What Life Is Really Like For Flight Attendants During The Pandemic

During the COVID-19 pandemic, flight attendants have been working hard to enforce mask guidelines and have seen plenty of changes in their jobs, such as a decrease in flights, with the number down by 43.5 percent in comparison to last year, according to Statista. On top of this, these professionals are exposed to health concerns day in and day out.

The Washington Post spoke with several flight attendants who expressed their thoughts about working during these strange times and shared experiences they've had that would've been unheard of in years prior. For Paul Bowles, his favorite part of his job was "being on the cart" and interacting with passengers. Since food and drink services have been reduced or eliminated, this has made it harder for workers like him to create an engaging and hospitable environment.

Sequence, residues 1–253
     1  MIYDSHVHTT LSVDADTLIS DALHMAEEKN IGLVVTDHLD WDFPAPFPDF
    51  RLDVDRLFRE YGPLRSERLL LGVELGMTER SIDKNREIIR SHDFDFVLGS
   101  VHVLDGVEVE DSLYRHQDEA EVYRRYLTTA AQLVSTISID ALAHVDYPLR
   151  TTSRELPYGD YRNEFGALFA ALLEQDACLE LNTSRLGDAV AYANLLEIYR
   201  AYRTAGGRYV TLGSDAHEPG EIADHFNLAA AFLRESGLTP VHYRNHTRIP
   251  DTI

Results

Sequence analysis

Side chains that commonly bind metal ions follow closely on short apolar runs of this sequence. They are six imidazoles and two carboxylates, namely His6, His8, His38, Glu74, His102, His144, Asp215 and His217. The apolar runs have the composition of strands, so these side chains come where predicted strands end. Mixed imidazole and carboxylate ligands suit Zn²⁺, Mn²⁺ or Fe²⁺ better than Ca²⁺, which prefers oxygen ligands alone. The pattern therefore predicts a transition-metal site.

Raven Johnson used to fly around 100 hours while working, a number that has gone down to about 30. Despite the reduction, she can't help but wonder: "Am I getting this virus? Am I going to bring this home to my family?"

There have been struggles for flight attendants, especially when it comes to masks

Unfortunately, there has been a lot of backlash when it comes to wearing masks, and many flight attendants have had to feel the brunt of it. CNN reported that passengers involved in "a simple mask issue" on one flight eventually escalated the problem to a point where the plane had to return to its gate at the airport. In another instance, one passenger refused to keep his mask on, telling flight attendants to "shut up" upon reprimanding him. Situations like this aren't uncommon now sadly, and it's been difficult for flight attendants to bear this burden.

On a happier note, airplanes may be cleaner than ever. According to CNBC, large surfaces in American Airlines' planes are cleaned every seven days with an electrostatic spray that provides week-long protection against different kinds of bacteria and viruses — the one that causes COVID-19 being no exception. 

Areas that are touched frequently, such as seatbelts and air vents, also get disinfected with a hospital-grade cleaner prior to every flight. And the cabin's air is refreshed every two to four minutes. So while flight attendants are being put through a lot at the moment, at least there has been plenty of pressure on companies to keep their work environment clean.